Then I guess I wasn't asking you!

Ravenlock wrote:

It sounds like Progress Quest, except they want you to pay to make the bar move faster. The parody has become reality.

And here's another satirical look at "progress" style games: Progress Wars

I'm level 7, by the way. Working toward completing the "Sell Protection Money" quest.

EdemaKNN wrote:

I deleted my copy off my iphone. I just didn't see much of a point and I have better games to waste my time with.

+1. Two reasons: a) it's not really a game and b) huge server issues.

grobstein wrote:

It's funny -- a game that is nothing but grinding, and that asks you to pay to avoid grinding.

How much do I have to drop to not play at all?

We Rule is a strange game. The only winning move is not to play.

It somehow brings to mind this article. Luckily for me, each additional year of my life seems to bring with it a diminished capacity to withstand such things.

The whole "not a game" argument makes me sad. We Rule has a system that needs to be figured out. Why isn't that a game?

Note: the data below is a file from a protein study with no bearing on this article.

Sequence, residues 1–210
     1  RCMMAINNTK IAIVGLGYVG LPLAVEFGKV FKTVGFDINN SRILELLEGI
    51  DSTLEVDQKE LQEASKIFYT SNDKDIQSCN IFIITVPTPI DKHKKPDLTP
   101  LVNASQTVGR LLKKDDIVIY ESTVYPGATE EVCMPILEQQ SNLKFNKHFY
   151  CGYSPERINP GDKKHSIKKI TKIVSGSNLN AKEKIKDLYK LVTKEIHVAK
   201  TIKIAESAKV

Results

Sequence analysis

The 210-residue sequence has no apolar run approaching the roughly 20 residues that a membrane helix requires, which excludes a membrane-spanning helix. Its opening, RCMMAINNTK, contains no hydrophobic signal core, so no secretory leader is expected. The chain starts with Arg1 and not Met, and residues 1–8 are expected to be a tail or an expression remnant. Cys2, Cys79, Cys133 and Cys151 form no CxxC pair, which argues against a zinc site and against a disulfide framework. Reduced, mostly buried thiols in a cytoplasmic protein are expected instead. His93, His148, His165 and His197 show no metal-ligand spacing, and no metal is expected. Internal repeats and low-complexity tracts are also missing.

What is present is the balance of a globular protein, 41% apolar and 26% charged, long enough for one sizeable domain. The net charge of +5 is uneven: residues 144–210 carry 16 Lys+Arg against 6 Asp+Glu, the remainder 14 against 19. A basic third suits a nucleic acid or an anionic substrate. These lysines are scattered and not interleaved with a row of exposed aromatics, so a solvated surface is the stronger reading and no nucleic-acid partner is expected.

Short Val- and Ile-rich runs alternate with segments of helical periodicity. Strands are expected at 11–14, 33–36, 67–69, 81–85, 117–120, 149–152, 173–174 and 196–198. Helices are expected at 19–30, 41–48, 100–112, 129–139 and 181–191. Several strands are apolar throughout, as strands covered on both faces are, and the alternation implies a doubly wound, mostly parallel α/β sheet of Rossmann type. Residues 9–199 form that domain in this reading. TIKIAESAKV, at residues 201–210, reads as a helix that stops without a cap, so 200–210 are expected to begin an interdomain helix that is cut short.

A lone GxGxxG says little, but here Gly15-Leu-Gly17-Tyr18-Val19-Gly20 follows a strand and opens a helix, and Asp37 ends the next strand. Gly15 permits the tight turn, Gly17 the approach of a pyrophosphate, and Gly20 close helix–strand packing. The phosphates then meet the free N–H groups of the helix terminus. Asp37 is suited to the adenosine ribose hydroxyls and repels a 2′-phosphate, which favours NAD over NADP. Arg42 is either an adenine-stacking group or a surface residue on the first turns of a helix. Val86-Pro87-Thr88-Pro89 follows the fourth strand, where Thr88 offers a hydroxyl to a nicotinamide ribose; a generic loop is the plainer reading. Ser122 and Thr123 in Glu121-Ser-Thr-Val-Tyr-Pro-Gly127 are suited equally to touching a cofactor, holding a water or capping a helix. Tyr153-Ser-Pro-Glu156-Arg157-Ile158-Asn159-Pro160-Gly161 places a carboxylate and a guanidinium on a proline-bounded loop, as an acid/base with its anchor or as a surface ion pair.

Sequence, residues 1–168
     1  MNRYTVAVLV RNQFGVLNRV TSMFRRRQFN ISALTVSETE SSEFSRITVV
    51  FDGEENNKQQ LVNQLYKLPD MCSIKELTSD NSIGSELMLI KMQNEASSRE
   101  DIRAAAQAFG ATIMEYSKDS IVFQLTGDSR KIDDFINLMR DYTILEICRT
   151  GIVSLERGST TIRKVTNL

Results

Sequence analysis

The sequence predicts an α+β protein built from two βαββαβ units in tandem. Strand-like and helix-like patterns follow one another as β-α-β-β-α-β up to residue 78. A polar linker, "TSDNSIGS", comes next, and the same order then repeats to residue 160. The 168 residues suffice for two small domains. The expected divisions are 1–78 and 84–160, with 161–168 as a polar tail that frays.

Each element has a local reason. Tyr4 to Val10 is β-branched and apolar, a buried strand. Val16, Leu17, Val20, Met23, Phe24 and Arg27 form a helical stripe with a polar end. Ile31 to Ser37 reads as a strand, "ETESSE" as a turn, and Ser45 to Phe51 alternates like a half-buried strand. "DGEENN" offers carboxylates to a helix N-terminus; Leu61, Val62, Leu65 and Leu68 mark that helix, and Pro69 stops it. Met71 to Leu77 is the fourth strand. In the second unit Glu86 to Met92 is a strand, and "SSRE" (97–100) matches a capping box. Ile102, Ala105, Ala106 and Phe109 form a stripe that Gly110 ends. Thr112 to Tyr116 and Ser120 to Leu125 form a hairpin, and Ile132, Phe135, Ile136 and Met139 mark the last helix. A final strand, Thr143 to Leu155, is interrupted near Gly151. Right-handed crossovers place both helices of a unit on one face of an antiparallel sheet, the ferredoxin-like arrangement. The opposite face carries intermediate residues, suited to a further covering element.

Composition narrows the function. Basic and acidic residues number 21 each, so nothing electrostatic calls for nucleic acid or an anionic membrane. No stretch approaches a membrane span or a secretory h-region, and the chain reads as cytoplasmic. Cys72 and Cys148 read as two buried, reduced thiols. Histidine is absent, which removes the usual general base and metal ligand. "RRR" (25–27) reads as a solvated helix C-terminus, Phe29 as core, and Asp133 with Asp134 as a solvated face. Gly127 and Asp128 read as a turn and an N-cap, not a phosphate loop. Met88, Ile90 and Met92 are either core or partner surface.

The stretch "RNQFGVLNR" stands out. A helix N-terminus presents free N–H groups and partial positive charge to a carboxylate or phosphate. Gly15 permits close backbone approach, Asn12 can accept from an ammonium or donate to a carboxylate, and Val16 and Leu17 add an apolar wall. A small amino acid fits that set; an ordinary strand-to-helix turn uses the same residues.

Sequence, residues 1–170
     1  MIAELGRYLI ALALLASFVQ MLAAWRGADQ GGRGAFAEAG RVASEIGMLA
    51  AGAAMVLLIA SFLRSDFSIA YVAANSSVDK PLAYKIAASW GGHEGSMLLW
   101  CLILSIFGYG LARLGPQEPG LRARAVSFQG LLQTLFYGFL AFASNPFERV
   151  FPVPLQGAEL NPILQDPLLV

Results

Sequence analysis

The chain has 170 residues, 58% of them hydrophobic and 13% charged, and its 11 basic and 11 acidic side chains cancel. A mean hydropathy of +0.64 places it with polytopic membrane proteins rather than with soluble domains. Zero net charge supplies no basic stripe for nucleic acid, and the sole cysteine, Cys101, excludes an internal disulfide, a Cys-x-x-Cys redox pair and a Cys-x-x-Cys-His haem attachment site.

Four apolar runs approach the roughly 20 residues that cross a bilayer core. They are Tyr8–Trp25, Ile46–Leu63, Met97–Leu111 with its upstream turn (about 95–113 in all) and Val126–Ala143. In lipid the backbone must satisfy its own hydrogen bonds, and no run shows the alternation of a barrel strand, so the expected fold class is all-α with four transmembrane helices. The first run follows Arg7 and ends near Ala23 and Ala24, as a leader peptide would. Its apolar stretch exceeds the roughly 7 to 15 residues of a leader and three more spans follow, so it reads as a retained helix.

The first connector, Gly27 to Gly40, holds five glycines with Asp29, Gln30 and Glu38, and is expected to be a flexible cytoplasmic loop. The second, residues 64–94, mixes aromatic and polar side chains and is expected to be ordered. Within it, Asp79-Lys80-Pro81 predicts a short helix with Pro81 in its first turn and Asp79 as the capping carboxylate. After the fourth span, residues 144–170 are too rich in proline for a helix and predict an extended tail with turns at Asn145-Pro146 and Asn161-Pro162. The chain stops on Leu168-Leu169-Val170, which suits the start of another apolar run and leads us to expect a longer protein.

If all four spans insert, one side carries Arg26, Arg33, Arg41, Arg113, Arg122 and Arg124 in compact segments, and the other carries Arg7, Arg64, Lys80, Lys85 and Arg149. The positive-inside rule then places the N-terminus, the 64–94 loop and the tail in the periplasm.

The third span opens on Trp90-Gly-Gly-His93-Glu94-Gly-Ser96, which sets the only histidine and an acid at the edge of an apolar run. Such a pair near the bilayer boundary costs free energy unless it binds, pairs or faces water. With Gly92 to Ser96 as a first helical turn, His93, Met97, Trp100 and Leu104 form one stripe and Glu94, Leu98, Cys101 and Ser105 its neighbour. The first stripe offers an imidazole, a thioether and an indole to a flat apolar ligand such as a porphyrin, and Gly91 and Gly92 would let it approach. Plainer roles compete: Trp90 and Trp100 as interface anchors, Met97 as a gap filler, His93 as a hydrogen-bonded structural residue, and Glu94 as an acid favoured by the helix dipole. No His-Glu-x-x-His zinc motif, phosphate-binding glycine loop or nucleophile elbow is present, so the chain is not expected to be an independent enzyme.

"... and that's how Cory completely derailed the comment thread."

Clemenstation wrote:

What I want to know, Mr. Cory, is how did you get started with this? You mention the community angle, so your friends are obviously playing too.

Did someone get you hooked? Did you see them playing and say, "Hey, that looks aight, I like me some electronica bean sprouts"? Or were you the pusher?

I'm hoping that's a typo Clem, because if it's not, I need to quit my job, buy an iPhone and get to kingdom crafting.

Electronica and bean sprouts are two of my favourite things. Seriously. The sheer idea of combining the two gets my futurist panties all knotted. I would probably not leave the house if I had something that tasted of sprouts and sounded like Autechre.